As if the modern couple did not have enough stresses to cope with, research has found a new affliction of our times Kitchen Performance Anxiety.
The cause is the glut of celebrity chefs on television and symptoms include nausea, difficulty breathing, sensitivity to noisy or nosy guests and an inability to concentrate on recipes. The Domestic Goddess and the Naked Chef, it seems, have taken the joy out of dinner parties with today's host or hostess feeling under intense pressure to perform to their exacting standards.
As a result, the dinner party is becoming a declining pastime with fewer Brits choosing to take on the pressures of entertaining. Sixty-one per cent of people interviewed insisted they considered it worse than attending an interview or going on a first date.
Professor David Warburton, of the Department of Psychology at the University of Reading, sent questionnaires to more than 1,000 people asking them about their attitudes to entertaining at home. More than half of those asked (54 per cent) felt pressure to serve dishes as divine as those created by the likes of Jamie Oliver, Nigella Lawson or Gary Rhodes while 87 per cent said they were unable to even relate to celebrity chefs.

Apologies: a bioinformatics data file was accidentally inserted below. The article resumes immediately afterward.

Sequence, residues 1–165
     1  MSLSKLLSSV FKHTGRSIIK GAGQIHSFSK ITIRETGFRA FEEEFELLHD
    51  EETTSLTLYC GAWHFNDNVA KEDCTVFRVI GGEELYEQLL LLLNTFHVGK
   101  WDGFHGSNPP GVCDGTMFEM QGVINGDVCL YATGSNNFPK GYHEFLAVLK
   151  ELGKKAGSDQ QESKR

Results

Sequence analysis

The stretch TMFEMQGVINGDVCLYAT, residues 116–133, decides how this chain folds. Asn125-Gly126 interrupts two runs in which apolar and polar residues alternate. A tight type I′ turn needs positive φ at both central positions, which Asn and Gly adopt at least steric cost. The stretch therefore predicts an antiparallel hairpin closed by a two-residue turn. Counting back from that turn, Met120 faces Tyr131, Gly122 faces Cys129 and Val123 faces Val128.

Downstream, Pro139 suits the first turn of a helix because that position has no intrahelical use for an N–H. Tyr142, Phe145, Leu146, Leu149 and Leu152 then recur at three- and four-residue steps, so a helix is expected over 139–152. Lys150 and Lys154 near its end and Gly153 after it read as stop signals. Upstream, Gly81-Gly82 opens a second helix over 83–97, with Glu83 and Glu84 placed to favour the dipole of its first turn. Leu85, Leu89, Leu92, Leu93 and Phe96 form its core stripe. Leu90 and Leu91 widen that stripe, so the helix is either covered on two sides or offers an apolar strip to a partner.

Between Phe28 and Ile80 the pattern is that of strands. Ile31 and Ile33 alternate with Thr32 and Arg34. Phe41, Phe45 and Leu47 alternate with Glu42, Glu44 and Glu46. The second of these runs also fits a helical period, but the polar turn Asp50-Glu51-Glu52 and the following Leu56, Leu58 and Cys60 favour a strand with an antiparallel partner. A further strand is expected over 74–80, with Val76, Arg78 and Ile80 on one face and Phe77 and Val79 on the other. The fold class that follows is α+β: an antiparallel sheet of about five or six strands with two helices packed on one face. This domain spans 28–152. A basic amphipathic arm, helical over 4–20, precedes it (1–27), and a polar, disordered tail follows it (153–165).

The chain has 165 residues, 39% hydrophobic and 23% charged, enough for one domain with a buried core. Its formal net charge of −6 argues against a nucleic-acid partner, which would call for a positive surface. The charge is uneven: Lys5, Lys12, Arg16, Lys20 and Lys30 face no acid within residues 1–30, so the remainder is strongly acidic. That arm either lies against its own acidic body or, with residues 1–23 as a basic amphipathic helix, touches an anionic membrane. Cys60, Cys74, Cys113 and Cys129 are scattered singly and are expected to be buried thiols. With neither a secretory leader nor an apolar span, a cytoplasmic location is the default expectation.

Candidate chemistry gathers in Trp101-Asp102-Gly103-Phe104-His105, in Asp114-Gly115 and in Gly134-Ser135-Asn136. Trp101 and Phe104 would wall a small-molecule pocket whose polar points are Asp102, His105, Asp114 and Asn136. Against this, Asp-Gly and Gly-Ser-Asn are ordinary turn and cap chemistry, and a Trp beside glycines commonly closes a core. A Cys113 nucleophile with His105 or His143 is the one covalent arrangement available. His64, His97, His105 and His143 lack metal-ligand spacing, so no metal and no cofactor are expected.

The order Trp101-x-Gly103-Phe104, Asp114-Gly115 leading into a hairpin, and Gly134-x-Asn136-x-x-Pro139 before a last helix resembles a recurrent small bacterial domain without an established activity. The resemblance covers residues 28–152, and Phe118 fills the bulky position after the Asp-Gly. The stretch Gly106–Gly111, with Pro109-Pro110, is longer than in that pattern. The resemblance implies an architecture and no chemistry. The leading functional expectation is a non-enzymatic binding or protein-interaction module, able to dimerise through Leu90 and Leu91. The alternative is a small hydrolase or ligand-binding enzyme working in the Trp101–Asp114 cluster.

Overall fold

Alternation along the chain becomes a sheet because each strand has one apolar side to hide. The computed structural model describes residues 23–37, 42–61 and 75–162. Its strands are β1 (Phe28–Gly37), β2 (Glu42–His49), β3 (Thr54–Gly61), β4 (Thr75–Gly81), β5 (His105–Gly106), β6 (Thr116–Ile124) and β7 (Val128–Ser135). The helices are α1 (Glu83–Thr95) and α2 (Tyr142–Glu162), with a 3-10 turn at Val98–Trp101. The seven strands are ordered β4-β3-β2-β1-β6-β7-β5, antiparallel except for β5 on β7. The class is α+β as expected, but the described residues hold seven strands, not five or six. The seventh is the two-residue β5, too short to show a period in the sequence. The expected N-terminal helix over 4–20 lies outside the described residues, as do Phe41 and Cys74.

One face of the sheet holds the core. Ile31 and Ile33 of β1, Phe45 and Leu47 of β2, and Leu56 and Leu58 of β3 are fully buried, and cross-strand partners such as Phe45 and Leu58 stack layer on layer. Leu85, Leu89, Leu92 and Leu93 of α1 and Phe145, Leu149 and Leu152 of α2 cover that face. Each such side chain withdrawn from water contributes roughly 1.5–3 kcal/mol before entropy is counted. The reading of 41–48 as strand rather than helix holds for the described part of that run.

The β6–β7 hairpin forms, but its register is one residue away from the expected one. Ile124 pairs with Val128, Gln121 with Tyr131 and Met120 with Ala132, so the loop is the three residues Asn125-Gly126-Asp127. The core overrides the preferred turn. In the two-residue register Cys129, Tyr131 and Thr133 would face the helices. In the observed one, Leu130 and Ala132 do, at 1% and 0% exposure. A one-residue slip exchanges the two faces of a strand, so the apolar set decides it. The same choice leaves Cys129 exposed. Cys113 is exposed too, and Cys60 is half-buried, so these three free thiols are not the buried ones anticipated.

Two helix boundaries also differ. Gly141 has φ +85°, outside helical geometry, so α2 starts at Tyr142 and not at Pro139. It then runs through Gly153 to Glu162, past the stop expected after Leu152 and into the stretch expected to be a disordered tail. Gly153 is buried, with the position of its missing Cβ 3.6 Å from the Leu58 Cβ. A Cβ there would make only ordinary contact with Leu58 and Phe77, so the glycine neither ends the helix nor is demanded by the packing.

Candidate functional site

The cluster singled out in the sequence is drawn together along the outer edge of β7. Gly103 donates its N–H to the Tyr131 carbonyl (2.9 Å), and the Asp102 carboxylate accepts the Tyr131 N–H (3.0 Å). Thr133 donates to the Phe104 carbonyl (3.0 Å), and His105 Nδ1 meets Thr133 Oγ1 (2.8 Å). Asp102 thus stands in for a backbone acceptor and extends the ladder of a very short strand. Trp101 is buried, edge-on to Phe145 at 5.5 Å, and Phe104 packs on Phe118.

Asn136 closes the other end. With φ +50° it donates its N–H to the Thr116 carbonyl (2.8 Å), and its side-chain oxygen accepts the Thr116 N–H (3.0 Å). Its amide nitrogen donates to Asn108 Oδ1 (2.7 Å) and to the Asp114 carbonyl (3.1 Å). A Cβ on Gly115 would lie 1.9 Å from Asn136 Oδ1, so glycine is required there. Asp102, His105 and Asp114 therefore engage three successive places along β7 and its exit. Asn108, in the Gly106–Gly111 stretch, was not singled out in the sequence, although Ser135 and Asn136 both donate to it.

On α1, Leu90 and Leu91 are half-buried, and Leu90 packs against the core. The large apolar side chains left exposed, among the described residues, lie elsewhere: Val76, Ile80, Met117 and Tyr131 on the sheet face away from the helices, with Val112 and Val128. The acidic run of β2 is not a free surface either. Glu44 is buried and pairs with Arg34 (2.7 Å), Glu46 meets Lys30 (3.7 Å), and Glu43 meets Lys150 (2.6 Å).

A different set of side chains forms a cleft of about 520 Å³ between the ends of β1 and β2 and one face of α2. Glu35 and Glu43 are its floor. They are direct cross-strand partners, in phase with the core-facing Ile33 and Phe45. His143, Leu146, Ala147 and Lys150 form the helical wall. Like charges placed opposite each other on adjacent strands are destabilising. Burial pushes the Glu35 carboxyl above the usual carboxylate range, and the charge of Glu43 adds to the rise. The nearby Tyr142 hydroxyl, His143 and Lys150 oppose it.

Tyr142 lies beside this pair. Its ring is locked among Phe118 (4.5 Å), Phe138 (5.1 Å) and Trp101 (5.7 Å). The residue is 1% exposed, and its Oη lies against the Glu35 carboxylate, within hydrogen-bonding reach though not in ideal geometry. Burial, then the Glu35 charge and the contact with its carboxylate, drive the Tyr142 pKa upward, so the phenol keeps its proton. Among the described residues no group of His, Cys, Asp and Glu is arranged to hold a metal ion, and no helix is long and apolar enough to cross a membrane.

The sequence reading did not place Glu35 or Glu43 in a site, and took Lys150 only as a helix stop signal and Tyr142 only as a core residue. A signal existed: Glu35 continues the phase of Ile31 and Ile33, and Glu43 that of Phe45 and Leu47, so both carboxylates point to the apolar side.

All these factors resulted in 68 per cent admitting they held fewer dinner parties than before because the strain had become too much.
Professor Warburton's studies of the habits of 16 couples, aged 25 to 45, led him to conclude that some people suffer from a disorder similar to Social Anxiety or Social Phobia, both of which are already recognised medical conditions.
He identified a number of symptoms of Kitchen Performance Anxiety in a report on the subject. They range from mental block, in which the sufferer freezes up during cooking, through to mental distraction, characterised by lack of concentration, and sensitivity to noise and onlookers. The physical symptoms include rapid heart rate, difficulty in breathing, nausea and headaches.
"Cooking for guests has always caused slight worry and some butterflies because it's natural to want to give guests the best one can," said Professor Warburton.
"Unfortunately, my research shows that for many people it has moved beyond this and become tremendously stressful."Reuse content